The Best Banana Plants

If you are a commercial grower, the best banana for you will likely be a variety that looks good, ships well and lasts a long time on the shelf. If you are a home gardener, however, you might be looking for cooking bananas, sweet bananas, bananas with unusual flavor, bananas that fit a small space, or bananas that can a take little cold weather or wind. Of the hundreds of varieties of bananas grown around the world, there are a handful of cultivars that are most popular for different kinds of needs.

Best Commercial Producers

The Robusta has largely replaced the Lacatan and the Gros Michel in the Caribbean and Central America. It is resistant to Panama disease, but prone to leaf spot. It is being grown commercially in Australia, Brazil, Fiji and Samoa. The Giant Cavendish is grown commercially in Taiwan and has replaced the dwarf species of the same banana in Australia, Columbia, Hawaii and on some Caribbean islands. Like the dwarf variety, it can survive cold and the wind. The Pisang masak hijau, or Bungulan, is a Cavandish clone grown commercially in Indonesia, Malaya and the Philippines. It is tall, slender plant that is easily damaged by wind. Its fruits ripen unevenly and spoil easily in storage. The Mysore constitutes 70 percent of the bananas grown commercially in India. It is also grown in Burma, Ceylon and Thailand. This is a large, vigorous banana that resists disease. The bright yellow fruit is medium-sized and has a slightly acid flavor. The red banana, also called Colorado, Red Cuban, or Red Spanish banana, likely originated in India, but is now grown around the world. It is resistant to disease. Its firm, cream-colored flesh tastes good. The purplish-red peel changes to an orange-yellow.

Best for Cooking

The Orinoco, also called the Burro, Hog, or horse banana, can be eaten raw, but it is better baked, fried or boiled. The Bluggoe is a starchy cooking banana that is resistant to leaf spot and Panama disease. It is widely grown in Burma, East Africa, Grenada, Southern India, the Philippines, Samoa and Thailand. What is called the ice cream banana in Hawaii is called Cenizo in the Caribbean and Central America and Krie in the Philippines. This pale yellow banana is usually cooked, but it can also be eaten raw. The Fehi banana of Hawaii and Polynesia is a starchy, sometimes seedy banana with an orange or copper-colored skin that is good boiled or roasted. The popular cooking plantain is also called the Chato, Curdrado or Topocho. The commercial cultivars are the Pelipita and the Saba, which is popular in Asia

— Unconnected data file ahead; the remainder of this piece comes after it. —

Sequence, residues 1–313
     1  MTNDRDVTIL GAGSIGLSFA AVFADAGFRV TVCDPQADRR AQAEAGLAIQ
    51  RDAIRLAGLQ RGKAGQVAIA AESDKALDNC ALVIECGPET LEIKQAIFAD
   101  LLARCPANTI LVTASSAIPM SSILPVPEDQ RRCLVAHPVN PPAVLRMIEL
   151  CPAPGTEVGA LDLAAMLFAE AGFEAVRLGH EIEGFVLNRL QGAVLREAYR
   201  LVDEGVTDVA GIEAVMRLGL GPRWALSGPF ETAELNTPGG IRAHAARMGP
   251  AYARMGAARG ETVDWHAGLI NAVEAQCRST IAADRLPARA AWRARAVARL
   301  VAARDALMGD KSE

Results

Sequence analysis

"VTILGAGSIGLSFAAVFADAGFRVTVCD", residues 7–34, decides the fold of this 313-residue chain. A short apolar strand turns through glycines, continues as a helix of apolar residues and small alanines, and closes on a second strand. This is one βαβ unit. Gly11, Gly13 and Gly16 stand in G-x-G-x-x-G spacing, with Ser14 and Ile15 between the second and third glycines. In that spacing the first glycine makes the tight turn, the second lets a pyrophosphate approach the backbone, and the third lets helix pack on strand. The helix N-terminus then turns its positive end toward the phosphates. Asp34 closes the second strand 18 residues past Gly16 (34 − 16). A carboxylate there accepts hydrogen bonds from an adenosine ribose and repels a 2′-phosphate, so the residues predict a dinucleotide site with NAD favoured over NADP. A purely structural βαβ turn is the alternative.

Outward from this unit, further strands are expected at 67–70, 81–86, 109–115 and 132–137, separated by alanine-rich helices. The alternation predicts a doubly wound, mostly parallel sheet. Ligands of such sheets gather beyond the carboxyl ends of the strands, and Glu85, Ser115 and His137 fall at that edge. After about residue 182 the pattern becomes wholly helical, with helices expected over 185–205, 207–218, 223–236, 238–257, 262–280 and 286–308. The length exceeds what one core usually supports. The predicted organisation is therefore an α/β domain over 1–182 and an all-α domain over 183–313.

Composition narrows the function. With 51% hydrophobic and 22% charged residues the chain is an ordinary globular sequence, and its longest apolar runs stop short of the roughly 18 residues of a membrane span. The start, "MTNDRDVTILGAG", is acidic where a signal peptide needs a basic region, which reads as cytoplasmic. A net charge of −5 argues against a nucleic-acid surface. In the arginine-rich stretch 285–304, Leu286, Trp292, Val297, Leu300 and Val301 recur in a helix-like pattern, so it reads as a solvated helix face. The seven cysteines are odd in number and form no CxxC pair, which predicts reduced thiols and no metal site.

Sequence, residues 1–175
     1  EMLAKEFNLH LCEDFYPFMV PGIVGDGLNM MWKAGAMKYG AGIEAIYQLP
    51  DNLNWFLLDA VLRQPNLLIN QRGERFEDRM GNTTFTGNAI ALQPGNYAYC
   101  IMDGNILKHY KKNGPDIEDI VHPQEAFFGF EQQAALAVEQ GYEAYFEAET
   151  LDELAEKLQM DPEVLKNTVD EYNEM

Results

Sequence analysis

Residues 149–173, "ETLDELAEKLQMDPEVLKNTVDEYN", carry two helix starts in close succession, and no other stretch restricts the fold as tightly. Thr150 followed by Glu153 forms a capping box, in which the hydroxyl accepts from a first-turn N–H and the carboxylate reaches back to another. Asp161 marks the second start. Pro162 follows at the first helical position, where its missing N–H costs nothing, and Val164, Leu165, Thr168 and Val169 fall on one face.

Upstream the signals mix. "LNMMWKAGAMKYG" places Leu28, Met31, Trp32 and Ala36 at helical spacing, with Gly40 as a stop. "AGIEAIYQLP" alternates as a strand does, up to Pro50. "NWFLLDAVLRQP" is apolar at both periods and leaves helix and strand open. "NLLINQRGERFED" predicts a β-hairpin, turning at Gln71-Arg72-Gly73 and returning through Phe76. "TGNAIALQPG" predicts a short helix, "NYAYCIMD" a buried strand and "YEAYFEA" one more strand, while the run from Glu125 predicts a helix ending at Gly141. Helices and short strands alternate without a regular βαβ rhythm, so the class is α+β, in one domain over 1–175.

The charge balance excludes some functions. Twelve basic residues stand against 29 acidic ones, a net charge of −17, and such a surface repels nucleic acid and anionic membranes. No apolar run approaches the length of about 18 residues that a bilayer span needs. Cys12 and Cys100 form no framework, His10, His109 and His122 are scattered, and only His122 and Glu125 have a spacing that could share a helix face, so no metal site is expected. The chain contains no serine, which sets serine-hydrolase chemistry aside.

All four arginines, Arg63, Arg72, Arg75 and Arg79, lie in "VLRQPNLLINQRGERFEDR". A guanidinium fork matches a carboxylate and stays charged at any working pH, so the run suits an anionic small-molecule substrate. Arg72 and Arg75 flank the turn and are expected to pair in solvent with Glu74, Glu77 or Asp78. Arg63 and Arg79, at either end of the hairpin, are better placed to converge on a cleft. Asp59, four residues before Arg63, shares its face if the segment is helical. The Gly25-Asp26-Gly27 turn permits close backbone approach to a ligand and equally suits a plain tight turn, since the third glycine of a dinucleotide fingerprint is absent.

Best Dessert Banana

The Lady Finger is a small, sweet banana, four to five inches long. In Spanish, it is called Datil, Dedo de Dama, Nino, Bocadillo, Guenco Blanco and Manices. It found throughout Latin America and is grown commercially in Australia. It is resistant to drought, black weevil and Panama disease, but is subject to leaf spot. Plump, sweet Silk bananas, from four to six inches long, have a taste that resembles that of an apple. It is widely distributed in the subtropics and tropics but is not grown commercially.

Best for Landscaping

If you have a small space, you might want a dwarf hybrid. You can also mix the tall with the short, depending on your taste and the size of your garden. Short bananas that grow to about 4 feet tall include the super dwarf Cavendish, the dwarf red, the Glenn and the dwarf nino. The dwarf Cavandish grows to six feet tall. Orinoco and the raja puni grow to about eight feet tall. Bananas that grow from 15 to 20 feet tall include the ice cream, praying hands, Orinoco, mysore, misiluki, the dwarf Brazilian (about 15 feet tall) and the Brazilian (about 20 feet tall).

Best at Surviving Cold

If you live in Central Florida or other areas where the temperature sometimes dive, you need a banana that can tolerate cold. If you bring bananas inside during the winter, they won't produce fruit because they don't get enough warm days. The Brazilian, dwarf Brazilian, Glenn, ice cream, Orinoco, dwarf Orinoco, and praying hands bananas can tolerate the cold in sub-tropical growing zones.

Keywords: best bananas, good bananas, recommended bananas

About this Author

Richard Hoyt, an internationally published author of 26 mysteries, thrillers and other novels, is a former reporter for Honolulu dailies and writer for "Newsweek" magazine. He taught nonfiction writing and journalism at the university level for 10 years. He holds a Ph.D. in American studies.